The scenario fields are the biggest of the fields with the largest at 12 acres. The fields also include larger structures such as forts and immobile cars and wagons to use as cover as well as actual decommissioned attack helicopters.
The helicopters came to Boehman on a stroke of luck. An acquaintance of his had acquired the helicopters at an auction and had them stripped of all salable parts. Before he began tearing the helicopters apart for scrap metal, Boehman made him an offer for a trade. The acquaintance's son was a paintball enthusiast, so Boehman traded two full paintball gun sets for the helicopters and had them set up on a scenario field.
In addition to hosting five-man speedball tournaments every year — the next one is Oct. 5 — Boehman tries to utilize his scenario fields by dreaming up new story lines to keep the games fresh. His most recent plan for the story of the next major scenario game to be played on the "Blackhawk Smackdown" field is both timely and politically charged. Boehman plans to set up the scenario around oil fields and oil companies, where players can capture oil wells and oil pipelines while taking out there frustrations with current gas prices on a few sharply-dressed oil executives, played by the staff of Fun Farm. Boehman sees this event as being hugely popular with the community and is already excited about the buzz it could create.
"You might even have some grannies out here (for the event)," Boehman said with a laugh.
The scenarios are open to anyone who shows up and wants to play. The 24-hour scenarios usually start on Saturday at noon, but the players can come on the Friday before for a party complete with dinner and camping in the fields. The players then wake up and play the next day and can play all night if they want to until Sunday around noon.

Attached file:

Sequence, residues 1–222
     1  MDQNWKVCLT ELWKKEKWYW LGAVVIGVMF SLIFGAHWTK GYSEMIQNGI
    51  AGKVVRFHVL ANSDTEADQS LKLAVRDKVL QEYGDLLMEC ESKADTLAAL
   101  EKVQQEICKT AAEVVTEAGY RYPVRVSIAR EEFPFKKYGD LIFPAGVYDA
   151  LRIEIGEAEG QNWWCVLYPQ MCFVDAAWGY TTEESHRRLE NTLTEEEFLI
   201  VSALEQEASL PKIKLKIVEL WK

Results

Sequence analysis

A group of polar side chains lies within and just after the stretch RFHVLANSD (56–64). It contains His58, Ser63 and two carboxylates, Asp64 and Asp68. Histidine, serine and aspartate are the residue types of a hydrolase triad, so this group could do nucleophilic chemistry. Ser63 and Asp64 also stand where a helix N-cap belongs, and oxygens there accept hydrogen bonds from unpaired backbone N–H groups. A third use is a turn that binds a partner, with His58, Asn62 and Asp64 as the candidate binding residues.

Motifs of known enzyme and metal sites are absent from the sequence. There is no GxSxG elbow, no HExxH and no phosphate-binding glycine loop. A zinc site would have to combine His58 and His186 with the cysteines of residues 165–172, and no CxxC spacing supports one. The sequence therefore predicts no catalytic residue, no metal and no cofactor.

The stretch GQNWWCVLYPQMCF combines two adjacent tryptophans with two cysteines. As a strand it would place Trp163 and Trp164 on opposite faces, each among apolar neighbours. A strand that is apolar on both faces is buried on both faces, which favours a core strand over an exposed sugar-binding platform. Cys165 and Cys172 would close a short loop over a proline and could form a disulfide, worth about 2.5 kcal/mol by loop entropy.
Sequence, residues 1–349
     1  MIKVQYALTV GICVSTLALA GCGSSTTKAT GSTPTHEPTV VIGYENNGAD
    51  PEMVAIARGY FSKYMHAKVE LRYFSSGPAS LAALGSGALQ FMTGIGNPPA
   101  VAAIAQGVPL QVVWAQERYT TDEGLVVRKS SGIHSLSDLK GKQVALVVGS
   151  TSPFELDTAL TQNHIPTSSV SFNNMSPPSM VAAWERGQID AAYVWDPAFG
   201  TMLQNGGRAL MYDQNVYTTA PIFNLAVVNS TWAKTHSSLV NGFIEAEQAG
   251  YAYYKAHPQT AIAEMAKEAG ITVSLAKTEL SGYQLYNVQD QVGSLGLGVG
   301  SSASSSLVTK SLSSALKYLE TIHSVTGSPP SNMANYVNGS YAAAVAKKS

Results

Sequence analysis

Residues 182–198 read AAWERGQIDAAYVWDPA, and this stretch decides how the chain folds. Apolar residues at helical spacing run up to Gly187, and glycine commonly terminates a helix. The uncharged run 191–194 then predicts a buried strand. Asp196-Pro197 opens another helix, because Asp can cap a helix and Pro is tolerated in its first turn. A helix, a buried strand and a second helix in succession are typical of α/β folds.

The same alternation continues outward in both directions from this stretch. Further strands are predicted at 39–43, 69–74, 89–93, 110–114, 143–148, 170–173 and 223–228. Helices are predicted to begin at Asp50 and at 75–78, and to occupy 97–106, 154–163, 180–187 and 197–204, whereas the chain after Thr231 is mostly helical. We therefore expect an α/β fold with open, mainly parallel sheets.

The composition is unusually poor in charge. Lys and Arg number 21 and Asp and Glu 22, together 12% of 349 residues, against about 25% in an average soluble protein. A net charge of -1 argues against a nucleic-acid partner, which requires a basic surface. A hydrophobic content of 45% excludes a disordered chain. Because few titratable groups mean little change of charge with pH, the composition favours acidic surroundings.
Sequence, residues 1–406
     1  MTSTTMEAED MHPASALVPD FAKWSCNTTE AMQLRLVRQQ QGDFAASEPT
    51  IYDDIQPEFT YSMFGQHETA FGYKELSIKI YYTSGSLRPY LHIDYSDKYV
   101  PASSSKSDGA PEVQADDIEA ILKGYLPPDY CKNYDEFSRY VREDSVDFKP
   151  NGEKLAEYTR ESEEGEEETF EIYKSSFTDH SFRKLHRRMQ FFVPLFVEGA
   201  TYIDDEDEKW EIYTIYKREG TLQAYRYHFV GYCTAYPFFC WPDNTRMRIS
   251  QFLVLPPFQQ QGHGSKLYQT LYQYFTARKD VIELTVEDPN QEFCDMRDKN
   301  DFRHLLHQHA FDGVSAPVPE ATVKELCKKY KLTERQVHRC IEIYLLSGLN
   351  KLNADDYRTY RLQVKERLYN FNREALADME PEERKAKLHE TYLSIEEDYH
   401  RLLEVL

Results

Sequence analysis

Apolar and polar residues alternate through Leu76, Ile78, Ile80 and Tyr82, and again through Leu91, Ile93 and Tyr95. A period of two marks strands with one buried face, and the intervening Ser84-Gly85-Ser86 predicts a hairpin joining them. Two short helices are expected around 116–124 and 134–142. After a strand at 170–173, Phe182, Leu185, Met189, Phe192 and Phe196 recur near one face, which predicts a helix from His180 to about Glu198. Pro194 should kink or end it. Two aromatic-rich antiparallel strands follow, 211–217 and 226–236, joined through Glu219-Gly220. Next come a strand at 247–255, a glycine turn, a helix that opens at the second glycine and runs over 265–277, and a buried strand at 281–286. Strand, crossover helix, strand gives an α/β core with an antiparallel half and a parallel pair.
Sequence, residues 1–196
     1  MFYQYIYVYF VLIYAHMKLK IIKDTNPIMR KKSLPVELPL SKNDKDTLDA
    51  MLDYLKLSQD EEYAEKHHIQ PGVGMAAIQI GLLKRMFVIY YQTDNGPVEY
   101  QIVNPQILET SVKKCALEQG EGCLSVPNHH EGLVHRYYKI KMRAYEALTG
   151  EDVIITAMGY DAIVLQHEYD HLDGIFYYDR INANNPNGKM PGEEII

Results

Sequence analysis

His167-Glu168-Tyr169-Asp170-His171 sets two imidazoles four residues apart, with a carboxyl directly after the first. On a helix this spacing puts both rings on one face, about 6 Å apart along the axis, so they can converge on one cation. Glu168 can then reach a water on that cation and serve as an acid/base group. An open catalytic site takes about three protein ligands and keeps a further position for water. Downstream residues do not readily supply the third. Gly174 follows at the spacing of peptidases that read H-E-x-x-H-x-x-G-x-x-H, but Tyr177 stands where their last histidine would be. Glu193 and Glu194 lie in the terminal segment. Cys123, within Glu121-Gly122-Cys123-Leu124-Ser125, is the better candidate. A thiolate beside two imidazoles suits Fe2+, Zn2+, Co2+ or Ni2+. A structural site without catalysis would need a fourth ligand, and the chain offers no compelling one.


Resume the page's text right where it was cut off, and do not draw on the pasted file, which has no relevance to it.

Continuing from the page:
The next two scenarios are planned for Sept. 26 through 28 and Oct. 17 through 19. The October date will feature the oil-themed battle.
If lack of equipment is a concern, you needn't worry. The Fun Farm has rental guns and masks available for all customers. The gun they use is the Fokus by Mokal, which Boehman credits for being the most accurate and trouble-free gun for the lowest price. The gun is easy to clean and easy for the inexperienced to use. The Fun Farm usually tries to keep around 200 of these Fokus set-ups on hand.
If you can't find the time to make it out to The Fun Farm to play paintball, don't worry; they'll come to you. A "mobile game" includes the rental of guns, masks and 300 paintballs per person and costs only $40 a person for four hours with a minimum of 20 people required.
The age requirement for paintball is 10; statistics say about 70 percent of paintballers are between 12 and 17.
But paintball isn't only for kids, The Fun Farm caters to a lot of adults from church groups and corporate groups. Some of the groups can get rather large. For example, in September a corporate group of 175 will be coming to The Fun Farm for a full 12 hours.
With groups this large, the entire park is opened up to whatever the guests wish to do, whether it be tagging their boss with some paint or testing their aim at the 21-hole disc golf course.
Speaking of which, with the exception of the paintball fields, the disc golf course is one of the other pride and joys of Boehman's park.
The game of disc golf has similar rules to golf and basically involves throwing a Frisbee into a metal basket in as few throws (or strokes) as possible. The course at The Fun Farm was designed by David Greenwell from Louisville, Ky. Greenwell is a legend among disc golfers. His accolades include a 1995 induction into the disc golf hall of fame, receiving the Professional Disc Golf Association Player of the Year award three times, winning the Grandmasters World Championship three times, and being voted the second best disc golf player of the 20th century by the members of the Disc Golf Hall of Fame.
Boehman contacted Greenwell when he wanted to build a top-notch course. The 21-hole course includes eight holes that go through the woods for an added challenge to golfers. Boehman is confident that his course is one of the best in the area, noting that many people from Louisville come to pay to play his course when there are free courses in Louisville.
|Illustration by Alisha Sonner|
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Hours: Wednesday thru Sunday • 10 a.m. to 6 p.m.
For more information and a complete price list, visit www.paintballfun.com.